Ransomware= Malware that locks the victim’s access to his or her own files, with threats that the data will remain locked unless the ransom demand (usually for money) is met. However, you should never agree to the ransom as there is no guarantee you will get your access restored.

Say It Like This

Privacy: Americans tend to say “pry-va-cy” (using the first syllable sound in “primate”) while the British prefer “pree-va-cy” (similar to “privy”).

Ask A Pro

Going Beyond Data Protection

Instruction Manual Sep 2018: Ask A Pro

A Q&A with Mr Lam Chee Kin, DBS Managing Director and Group Head of Legal, Compliance and Secretariat. He is also a member of the Data Protection Advisory Committee of Singapore.

Q: What is the value in ensuring customers' personal data protection?

The use of data enables the digitalisation of business and brings competitive advantages. Using data well – for business insights, strategy, marketing, risk management and so on – is one of the things that underpins the digital revolution.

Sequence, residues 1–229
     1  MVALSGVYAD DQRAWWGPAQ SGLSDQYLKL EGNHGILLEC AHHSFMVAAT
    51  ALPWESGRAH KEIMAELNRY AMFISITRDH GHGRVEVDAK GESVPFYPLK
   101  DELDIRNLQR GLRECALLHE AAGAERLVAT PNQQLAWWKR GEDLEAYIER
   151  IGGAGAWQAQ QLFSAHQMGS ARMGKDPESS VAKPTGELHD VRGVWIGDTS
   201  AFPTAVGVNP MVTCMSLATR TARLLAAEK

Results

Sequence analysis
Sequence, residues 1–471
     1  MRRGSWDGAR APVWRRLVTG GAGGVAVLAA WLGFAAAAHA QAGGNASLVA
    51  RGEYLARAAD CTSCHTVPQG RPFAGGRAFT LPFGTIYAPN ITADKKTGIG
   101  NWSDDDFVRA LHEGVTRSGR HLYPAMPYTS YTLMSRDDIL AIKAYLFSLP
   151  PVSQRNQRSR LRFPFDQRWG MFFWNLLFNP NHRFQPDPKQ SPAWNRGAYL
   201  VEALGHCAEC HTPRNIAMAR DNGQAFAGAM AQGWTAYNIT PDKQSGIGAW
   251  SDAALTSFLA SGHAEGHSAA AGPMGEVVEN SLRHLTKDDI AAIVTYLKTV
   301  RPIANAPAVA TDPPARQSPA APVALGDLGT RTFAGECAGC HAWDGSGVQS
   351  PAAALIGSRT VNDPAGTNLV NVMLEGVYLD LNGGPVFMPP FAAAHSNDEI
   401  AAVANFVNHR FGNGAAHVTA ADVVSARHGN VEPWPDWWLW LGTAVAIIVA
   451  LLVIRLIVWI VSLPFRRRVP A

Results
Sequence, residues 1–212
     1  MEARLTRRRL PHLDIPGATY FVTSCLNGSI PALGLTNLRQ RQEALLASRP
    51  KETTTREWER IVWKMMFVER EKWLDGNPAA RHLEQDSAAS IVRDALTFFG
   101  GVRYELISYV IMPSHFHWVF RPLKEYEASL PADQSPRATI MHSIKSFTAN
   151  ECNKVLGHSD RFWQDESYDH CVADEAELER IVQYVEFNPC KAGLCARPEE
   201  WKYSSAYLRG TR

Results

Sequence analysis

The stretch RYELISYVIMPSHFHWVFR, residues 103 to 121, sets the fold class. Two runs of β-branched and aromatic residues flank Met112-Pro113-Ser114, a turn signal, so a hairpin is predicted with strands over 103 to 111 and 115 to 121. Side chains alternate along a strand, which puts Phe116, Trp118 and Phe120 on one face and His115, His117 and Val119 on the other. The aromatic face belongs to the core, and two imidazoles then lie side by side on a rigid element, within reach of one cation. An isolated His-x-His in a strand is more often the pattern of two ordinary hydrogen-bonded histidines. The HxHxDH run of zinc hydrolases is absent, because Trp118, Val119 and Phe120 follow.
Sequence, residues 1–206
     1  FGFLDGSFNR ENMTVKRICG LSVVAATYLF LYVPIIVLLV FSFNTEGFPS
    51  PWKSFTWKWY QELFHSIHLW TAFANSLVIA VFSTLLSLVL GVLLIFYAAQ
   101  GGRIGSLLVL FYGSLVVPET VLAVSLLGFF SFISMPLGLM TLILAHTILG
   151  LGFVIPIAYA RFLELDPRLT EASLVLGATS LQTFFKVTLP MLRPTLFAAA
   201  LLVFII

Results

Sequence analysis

It follows that the appropriate protection and security of data, and the ability to demonstrate that to customers, will similarly be a competitive advantage.

But if the prize you want is customer confidence and trust, just implementing the law, e.g., according to the Personal Data Protection Act (PDPA), will not win you the prize. For customer confidence, more must be done.